Diller Scofidio + Renfro
The Guggenheim Museum will capture both the spirit and unique qualities of Helsinki as a place. It will engage with the local community and become a benchmark in Finland’s pursuit to become a carbon neutral society. But more importantly the museum will be a place where people can experience the energy and comforts of the local region.
The museum’s region specific concept is focused on harnessing both the energy of South Harbor and Helsinki’s District Heating and Cooling Infrastructure. The design strategically creates two primary energy loops, one that is adaptive and linked to the port site, and one that is controlled and linked to the district infrastructure. These two loops exchange energy through out the year depending on day, night, and season. The design uses the building envelop and public space as its medium to reduce the overall project power loads, conditioning demand, and resource waste as well as provide guests with unexpected experiences and comforts. The result is a museum design that has the potential to meet the most stringent Passive Haus energy requirements.
Three primary site specific conditions informed the sustainability approach and generated unique design responses:
1. 104 Degree winter to summer solar path variation
- Limber Light Wells
2. Sija Line’s consistent flow of people and materials
- Waste Microclimates
3. Cultural significance of water and timber
- Torrified Thermal Walls
LIMBER LIGHT WELLS
The museum’s lightwells create daylighting equilibrium within Helsinki’s short winter and long summer days using a similar technique to limber holes in submarines. The lightwell scoop allows small amounts of direct sunlight to penetrate into an internal cast gypsum cavity to intensify daylighting levels during the winter months. The additional direct light creates a more uniform daylighting condition between the winter and summer months. The natural daylight is filtered through a pickled white glue lam waffle structure in order to provide 150-200luxs of diffused light to the gallery. Daylighting levels are constantly monitored by the building management system and when required LED lights within the gypsum lightwell cavity increase in brightness as required. The rational wood waffle grid incorporates lighting and shade tracks for art specific lighting scenarios. Over a year, the Limber Lightwells harness ~2,460 hours of daylight during museum operational hours to offset approximately 9.6 KWh/m²a of electricity demand.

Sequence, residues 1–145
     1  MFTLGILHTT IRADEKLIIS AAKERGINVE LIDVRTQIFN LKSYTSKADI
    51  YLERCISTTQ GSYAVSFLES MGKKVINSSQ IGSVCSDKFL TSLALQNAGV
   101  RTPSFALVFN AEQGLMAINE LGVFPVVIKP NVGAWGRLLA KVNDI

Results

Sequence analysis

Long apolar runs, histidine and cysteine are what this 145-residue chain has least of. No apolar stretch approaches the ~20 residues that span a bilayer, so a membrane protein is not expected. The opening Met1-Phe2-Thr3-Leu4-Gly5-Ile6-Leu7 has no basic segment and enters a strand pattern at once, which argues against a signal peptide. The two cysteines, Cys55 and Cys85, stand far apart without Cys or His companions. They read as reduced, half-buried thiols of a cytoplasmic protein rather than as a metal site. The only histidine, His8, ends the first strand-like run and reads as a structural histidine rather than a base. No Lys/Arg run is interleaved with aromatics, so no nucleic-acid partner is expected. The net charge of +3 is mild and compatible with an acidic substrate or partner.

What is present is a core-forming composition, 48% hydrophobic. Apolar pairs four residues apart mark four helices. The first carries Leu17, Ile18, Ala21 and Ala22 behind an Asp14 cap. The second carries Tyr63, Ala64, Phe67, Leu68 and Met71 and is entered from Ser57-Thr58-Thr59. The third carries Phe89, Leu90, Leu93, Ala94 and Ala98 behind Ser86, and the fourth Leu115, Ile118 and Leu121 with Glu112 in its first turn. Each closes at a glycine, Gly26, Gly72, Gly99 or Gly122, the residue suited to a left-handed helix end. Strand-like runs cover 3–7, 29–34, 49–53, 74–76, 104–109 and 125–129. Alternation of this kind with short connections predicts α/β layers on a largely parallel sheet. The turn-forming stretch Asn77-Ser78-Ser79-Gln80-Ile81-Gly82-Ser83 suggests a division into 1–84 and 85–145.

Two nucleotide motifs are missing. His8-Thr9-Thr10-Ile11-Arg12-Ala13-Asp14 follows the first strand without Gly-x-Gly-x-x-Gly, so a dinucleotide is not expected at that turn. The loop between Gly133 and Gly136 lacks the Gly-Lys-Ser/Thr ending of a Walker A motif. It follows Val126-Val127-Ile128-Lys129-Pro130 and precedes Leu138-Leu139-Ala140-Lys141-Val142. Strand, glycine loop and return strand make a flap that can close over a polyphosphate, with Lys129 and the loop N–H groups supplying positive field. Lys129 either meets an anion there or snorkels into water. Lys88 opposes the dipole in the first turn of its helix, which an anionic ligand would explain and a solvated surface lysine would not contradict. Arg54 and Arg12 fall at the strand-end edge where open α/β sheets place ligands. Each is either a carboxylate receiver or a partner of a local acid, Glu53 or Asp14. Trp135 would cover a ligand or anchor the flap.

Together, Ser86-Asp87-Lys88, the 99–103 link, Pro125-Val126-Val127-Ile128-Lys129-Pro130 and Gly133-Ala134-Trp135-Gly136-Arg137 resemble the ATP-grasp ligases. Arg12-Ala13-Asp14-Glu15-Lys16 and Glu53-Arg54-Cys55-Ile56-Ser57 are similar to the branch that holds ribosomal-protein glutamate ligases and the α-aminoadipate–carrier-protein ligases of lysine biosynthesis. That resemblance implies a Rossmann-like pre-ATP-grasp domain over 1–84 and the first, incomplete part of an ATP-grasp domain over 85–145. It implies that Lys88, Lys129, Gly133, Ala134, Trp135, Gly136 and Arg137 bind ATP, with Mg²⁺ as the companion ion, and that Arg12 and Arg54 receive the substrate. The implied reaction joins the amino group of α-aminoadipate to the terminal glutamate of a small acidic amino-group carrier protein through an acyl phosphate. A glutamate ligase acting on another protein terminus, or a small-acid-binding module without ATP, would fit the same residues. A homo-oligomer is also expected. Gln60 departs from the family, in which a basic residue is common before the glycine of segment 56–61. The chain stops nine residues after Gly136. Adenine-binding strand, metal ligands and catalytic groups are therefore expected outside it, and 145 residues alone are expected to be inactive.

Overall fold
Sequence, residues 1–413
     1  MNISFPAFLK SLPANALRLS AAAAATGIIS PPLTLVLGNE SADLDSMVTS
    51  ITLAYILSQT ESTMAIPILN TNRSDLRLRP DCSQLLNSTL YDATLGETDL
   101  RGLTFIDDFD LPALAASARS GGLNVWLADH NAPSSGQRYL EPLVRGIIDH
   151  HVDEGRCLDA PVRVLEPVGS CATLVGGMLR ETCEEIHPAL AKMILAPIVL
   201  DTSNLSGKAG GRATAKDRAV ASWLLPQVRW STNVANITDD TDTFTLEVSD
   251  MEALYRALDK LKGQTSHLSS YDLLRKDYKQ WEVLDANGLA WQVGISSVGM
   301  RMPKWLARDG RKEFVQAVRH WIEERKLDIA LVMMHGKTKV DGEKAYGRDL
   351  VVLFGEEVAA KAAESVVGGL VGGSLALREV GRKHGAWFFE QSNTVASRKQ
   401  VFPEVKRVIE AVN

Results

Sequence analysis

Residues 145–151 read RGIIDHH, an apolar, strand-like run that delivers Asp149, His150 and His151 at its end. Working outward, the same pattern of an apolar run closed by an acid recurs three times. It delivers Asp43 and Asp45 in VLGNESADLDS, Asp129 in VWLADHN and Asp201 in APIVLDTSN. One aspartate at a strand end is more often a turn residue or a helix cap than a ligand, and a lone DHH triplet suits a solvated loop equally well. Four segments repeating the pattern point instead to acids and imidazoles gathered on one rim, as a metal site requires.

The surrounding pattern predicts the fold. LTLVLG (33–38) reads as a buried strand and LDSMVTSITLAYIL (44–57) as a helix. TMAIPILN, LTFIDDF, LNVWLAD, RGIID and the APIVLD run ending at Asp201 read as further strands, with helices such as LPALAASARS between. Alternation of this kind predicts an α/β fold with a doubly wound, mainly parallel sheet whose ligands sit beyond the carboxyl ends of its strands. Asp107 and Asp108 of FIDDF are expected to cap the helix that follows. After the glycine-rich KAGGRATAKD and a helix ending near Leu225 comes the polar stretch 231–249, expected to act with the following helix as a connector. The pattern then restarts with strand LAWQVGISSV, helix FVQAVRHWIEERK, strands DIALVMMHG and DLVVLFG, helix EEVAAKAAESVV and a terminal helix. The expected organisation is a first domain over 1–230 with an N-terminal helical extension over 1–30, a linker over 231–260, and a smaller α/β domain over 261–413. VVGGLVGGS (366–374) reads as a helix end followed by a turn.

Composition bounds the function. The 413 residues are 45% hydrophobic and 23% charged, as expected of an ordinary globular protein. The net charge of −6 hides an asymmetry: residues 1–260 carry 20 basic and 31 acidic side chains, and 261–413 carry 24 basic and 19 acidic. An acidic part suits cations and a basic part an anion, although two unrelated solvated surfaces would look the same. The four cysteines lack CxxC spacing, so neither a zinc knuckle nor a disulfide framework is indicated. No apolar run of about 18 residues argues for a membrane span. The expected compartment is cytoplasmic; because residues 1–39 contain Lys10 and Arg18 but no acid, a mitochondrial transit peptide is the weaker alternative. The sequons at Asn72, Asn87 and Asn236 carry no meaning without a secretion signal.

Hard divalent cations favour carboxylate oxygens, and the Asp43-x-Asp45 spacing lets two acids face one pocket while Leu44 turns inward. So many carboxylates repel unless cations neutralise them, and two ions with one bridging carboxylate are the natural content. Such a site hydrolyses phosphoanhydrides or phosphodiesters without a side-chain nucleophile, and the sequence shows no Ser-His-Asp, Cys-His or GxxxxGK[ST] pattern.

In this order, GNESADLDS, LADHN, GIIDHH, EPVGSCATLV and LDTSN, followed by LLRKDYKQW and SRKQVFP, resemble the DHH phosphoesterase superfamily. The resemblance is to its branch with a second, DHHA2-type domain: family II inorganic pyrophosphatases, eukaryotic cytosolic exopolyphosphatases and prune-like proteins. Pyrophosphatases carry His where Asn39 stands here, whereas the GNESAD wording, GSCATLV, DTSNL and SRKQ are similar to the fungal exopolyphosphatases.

The Limber Lightwells adapt when they move from the Gallery environment to the Front Yard. The roof lightwell scoop reverses its orientation to allow both winter and summer direct light into the roof cavity in order to illuminate the exterior plaza below. The internal cast gypsum component of the Gallery lightwell is substituted with a mirror that mediates the 104° delta between the winter and summer solar arch to create a light filled, comfortable experience year round.
In a partnership with Tallink Silja Line, the museum will become a catalyst in the green cruise movement and harness the energy potential within used cooking oil to help reduce its conditioning load and extend seasonal use of public outdoor spaces. Each year 5 tons of waste cooking oil from 360,000 cruise ship passengers will generate the equivalent of 1W/m2 of electricity for the museum. In addition, 5KWh/m²a of humidification a year will be co-generated to temper the climate’s dry air and meet the stringent mechanical requirements of artwork galleries.
Museum entrances utilize this waste electricity to create buffer zones that limit heat loss attributed to large visitor groups moving in and out of the building during the winter months as well as keep outdoor seating and walkways clear of ice and thermally inviting throughout the year. To further encourage pedestrian movement from the cruise terminal to South Harbor plazas and markets, heating lamps integrated into the building’s exterior facade will motion detect people walking by and provide added comfort to the individual while they are within range.
Emerging construction materials and techniques have the greatest potential to trigger positive change in the global carbon balance. The interior gallery walls are constructed with 10cm of light-weight, high conductivity carbon panels which quickly remove heat from large groups of visitors and transfer it to an internal concrete core. This core tempers sudden thermal increases within that space and adjecent zones. The internal core utilizes its mass to passively arrest thermodynamic shifts within the gallery throughout the day and over the week.
On the exterior, the museum is clad in a torrefied Finnish wood to insulate, and buffer to the touch, the extreme temperatures of summer and winter. The chemical free torrefaction process used by the wood pellet industry removes moisture and volatiles from the material creating a denser, water repellent, and rot resistant product. When combined with the 2,156,510 kg of gluelam and cross lam building structure the project contains an embodied energy of 13,178,672kWh with a net positive carbon sequestration of 780 kg per metric ton.